Quite frankly, an employer cannot fire or take any adverse employment action against an employee for any of these reasons or any facts relating to these reasons. Adverse employment action includes firing, denying a promotion, demoting, putting an employee on probation, and more.

These types of lawsuits are common because employers oftentimes try to work around them and fire employees based on factors incidental to their protected status. For example, an employer cannot fire an employee who has to pray at certain times of the day, as that would be a violation of his or her religious rights.


Sometimes, an employer may not fire an employee for being a member of one of the protected groups listed above but may harass the employee instead. The harassment may simply be for its own sake or maybe to get the employee to quit on their account. Harassment may also come in other forms, such as the following:

  1. Sexual harassment – Such as unwanted touches or sexual statements.
  2. Physical Harassment – Such as violence toward the employee.
  3. Abuse of Power – Such as a superior who victimizes or torments subordinates.
  4. Psychological Harassment – Such as verbally abusing or isolating an employee or co-worker.
  5. Bullying – Such as using personal attacks against an employee, either in the workplace or online.

Hostile Work Environment

A hostile work environment is a claim related to harassment and the two are often brought together. A hostile work environment is created when an employer or co-workers harass or discriminate against another employee for one of the protected reasons listed above, such as race, sexual orientation, gender, religion, etc. For a work environment to be hostile, the offensive action must arise to the point where it becomes a part of the conditions of employment. Many victims of hostile work environments suffer through the illegal behavior for fear of losing their jobs and may suffer severe emotional distress as a result. 

Whistleblower Cases

There are hundreds of laws that businesses must follow in the United States, whether those be environmental or financial laws. Oftentimes, the government enforcement agencies are simply unaware of what businesses are doing behind closed doors. Employees, however, have a front-row seat to the potential law-violating actions of their employers. Because of that, many laws contain whistleblower protections.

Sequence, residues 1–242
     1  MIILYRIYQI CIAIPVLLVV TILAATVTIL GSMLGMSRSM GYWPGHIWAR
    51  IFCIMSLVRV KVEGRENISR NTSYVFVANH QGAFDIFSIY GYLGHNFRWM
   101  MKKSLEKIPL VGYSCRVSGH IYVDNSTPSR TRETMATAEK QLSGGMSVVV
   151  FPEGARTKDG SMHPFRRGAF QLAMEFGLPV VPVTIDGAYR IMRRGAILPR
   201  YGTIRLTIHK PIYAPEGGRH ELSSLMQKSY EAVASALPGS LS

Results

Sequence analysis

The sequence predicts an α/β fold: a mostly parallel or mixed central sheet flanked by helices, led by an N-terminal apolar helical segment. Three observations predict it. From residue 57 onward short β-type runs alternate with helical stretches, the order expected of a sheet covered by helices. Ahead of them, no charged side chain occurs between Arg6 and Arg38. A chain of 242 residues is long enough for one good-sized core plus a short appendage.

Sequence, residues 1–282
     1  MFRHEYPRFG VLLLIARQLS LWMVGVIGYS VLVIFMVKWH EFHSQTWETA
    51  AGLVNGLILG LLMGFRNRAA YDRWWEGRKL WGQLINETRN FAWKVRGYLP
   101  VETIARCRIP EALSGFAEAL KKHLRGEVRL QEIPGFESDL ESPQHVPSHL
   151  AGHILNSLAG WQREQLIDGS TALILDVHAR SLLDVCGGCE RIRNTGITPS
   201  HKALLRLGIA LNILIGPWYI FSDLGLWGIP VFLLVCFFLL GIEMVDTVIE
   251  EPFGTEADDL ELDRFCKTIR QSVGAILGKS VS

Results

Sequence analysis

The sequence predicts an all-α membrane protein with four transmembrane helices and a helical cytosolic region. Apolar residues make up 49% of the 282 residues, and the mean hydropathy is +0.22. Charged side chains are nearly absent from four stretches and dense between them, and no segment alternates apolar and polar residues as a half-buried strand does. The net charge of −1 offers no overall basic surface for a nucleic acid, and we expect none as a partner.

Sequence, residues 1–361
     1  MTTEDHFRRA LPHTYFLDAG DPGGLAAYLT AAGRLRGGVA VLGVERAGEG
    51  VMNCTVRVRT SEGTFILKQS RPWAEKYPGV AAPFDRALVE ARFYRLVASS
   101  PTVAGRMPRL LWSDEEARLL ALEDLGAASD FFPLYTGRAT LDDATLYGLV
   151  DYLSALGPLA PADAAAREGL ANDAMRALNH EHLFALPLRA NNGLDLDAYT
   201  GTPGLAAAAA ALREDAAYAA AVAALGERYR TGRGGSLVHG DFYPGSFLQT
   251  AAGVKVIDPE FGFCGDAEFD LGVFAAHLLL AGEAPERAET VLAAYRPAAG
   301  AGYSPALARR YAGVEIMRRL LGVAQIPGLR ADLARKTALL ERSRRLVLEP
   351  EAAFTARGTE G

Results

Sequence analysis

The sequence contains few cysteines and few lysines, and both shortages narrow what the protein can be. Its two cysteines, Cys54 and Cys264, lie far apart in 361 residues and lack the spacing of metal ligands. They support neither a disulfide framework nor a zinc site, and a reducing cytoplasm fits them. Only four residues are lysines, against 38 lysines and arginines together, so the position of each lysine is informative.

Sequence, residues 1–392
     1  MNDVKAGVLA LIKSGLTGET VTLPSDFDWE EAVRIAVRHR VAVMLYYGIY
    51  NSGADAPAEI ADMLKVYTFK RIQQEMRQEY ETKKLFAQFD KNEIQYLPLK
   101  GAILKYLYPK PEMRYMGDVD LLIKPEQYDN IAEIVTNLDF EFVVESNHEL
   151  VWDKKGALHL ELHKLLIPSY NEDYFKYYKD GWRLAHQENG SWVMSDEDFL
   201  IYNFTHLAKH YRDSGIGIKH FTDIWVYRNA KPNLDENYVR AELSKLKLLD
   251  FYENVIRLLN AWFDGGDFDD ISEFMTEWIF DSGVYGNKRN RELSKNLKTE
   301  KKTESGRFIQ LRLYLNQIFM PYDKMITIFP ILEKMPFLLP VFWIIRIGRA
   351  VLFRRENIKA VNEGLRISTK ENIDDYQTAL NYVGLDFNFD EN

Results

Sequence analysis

A whistleblower is generally an employee or contractor that reports his or her employer to a government agency for a violation of a law or regulation. Hence, they “blow the whistle” on their employer. Whistleblower laws protect these individuals from adverse employment actions by their employers. Essentially, an employer cannot fire, demote, or otherwise retaliate against an employee who reports to the employer. 

Whistleblower cases are extremely complex and a lot is at stake. Generally, an employee contemplating blowing the whistle on their employer should contact an employment law attorney before doing so. This is to both ensure the law their employer is violating contains whistleblower protections and to ensure sufficient evidence is kept. If you are considering reporting your employer for violation of state or federal law, contact an employment law attorney at the Moshes Law Firm for a free consultation today. All conversations are 100% private.

The Statute Of Limitations For Employment Lawsuit Settlements

The statute of limitations for employment claims varies depending on both the type of lawsuit and the means by which the lawsuit is filed. The statute of limitations for discrimination-based claims under the New York State Human Rights Law must be brought within three years of the last act of discrimination. Claims for unpaid wages must be brought within six years of the violation. These timeframes can vary, however, depending on the situation. The best advice is to not wait and contact an attorney as soon as possible to protect your rights. 

The Employment Lawsuit Process

Filing an employment lawsuit, like any other lawsuit, is a fairly complicated process. Generally, the following steps will take place: